And low-income households in China — those who make less than $7,350 a year — experienced the most severe declines in family wealth out of any other income group, according to a survey jointly conducted by China's Southwestern University of Finance and Economics and Ant Group's research institute.

"This suggests the recent recovery in consumption is likely to have been somewhat skewed towards higher-income groups," the Fitch Ratings analysts said.

And Kuijs of Oxford Economics said that US-China tensions remain a concern, even as foreign direct investment grows.

If the United States were to decouple "significantly from China," the country's growth would trend less than half a percentage point lower per year through 2040, he said, as long as other developed countries maintained most ties.

But if other developed countries join the United States, he suspected that impact could be much larger, causing China's GDP growth to fall twice as fast through the same period.
That kind of "substantial" decoupling "would sharply reduce the country's productivity and GDP growth," Kuijs said.
#15127016
Atlantis wrote:
If democracy is damaged because democratic regimes are incapable of coping with the pandemic, it won't be because of China. It'll be because democratic leaders can't tell unpopular truth to people at a time of rampant populism. Democracy can't survive without a degree of political maturity. Populism is the death of democracy.



All of that about China's economy being said, though, this statement itself is quite *conservative* and *statist*, because it implies that the recent [BLM / Antifa] populist movements are 'immature'.

You make it sound as though the U.S. has 'democratic leaders' who are privy to some special 'unpopular truth' that they simply *can't* divulge, at the risk of being 'immature' by doing so.

So your line here just buttresses the *status quo*, blithely dismissing the *reasons* for why Western-style 'democracy' and its 'democratic leaders' may not be politically *enough* right now, and why the BLM / Antifa protests have been taking place on such a widespread basis in the U.S., and even globally.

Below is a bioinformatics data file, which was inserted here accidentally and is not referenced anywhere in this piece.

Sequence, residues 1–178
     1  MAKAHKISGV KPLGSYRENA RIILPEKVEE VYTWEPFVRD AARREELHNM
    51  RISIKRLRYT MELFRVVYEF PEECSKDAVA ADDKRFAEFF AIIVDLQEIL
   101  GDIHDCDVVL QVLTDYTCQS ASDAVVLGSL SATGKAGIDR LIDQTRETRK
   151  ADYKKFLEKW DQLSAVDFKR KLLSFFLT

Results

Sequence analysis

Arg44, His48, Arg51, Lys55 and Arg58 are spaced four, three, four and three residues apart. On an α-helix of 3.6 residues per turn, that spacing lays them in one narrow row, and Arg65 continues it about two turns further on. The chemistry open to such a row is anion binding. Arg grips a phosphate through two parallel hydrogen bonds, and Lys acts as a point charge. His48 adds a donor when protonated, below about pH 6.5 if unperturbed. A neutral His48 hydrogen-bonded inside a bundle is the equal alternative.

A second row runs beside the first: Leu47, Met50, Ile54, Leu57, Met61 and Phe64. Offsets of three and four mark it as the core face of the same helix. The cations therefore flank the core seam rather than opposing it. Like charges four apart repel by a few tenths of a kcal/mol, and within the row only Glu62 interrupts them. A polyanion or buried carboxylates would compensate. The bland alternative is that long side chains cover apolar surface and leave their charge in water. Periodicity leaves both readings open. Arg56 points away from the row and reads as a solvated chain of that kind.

Basically you're being *patronizing* and *condescending*, especially so by overlooking *why* young people have been protesting in the U.S. against killer cops, fascists, and the establishment's upholding of such government-type and far-right-wing violence.
#15127018
A discussion with a young member of the Chinese Communist Party


The Chinese Communist Party is “an organisation with a deep, deep level of bureaucratisation”

Peter Symonds

16 hours ago
To read this interview in Chinese click here 中文.

The World Socialist Web Site recently spoke with a young man in China who expressed an interest in Trotskyism. He is also a member at the local level of the Chinese Communist Party (CCP). He agreed to speak to the WSWS about what it means to be a member of the CCP, the nature of political discussion within the party, what drew him to read the works of Leon Trotsky and his views on the struggle for socialism in China. Due to the dangers posed by the repressive Chinese regime, his actual name and details have not been included in the interview with Peter Symonds, the national WSWS editor for the Socialist Equality Party (Australia).

https://www.wsws.org/en/articles/2020/1 ... t-o12.html
#15127024
@ckaihatsu, I have no idea about what you are trying to say.

I'm not interested in antifa or the lunatic fringe. I'm talking about a very real threat to democracy posed by far-right populism. If democracy does fail, the lunatic fringe will be the first to be locked up. The lunatic fringe is a nuisance, but not an existential threat to democracy.
#15127048
Atlantis wrote:
@ckaihatsu, I have no idea about what you are trying to say.

I'm not interested in antifa or the lunatic fringe. I'm talking about a very real threat to democracy posed by far-right populism. If democracy does fail, the lunatic fringe will be the first to be locked up. The lunatic fringe is a nuisance, but not an existential threat to democracy.



Okay, that clarifies it -- you meant 'far-right' populism.

When *I* hear 'populism', I'm usually thinking *left-wing* populism, like that of the 2019 international populist protests, and now 2020 U.S. BLM / Antifa protests.

See this thread:


Conflict in the USA?

viewtopic.php?f=45&t=179091


Now you're down to using the term 'lunatic fringe', which still makes you conservative and statist, since you *are* being dismissive of the politics of BLM / Antifa.
#15127126
Patrickov wrote:
Left-wing people should think about why far-right populism prevail rather than simply denouncing them.



Left-wing people should be *passive* and *contemplative* about the world going by around them, huh?

Good one.

As usual, this kind of propaganda *glosses over* the actual political *content*, pretending as though left and right are just mere physical *oscillations* on a pendulum, or something.

*You* may want to think about why Trump's fascist buddies in Michigan *didn't* prevail recently.
#15127128
ckaihatsu wrote:Left-wing people should be *passive* and *contemplative* about the world going by around them, huh?


If they know why they don't appeal and change their ways, or they can remove those using them to harm others (in a way worse than capitalists) without compromising their principles, it is easy for them to win support.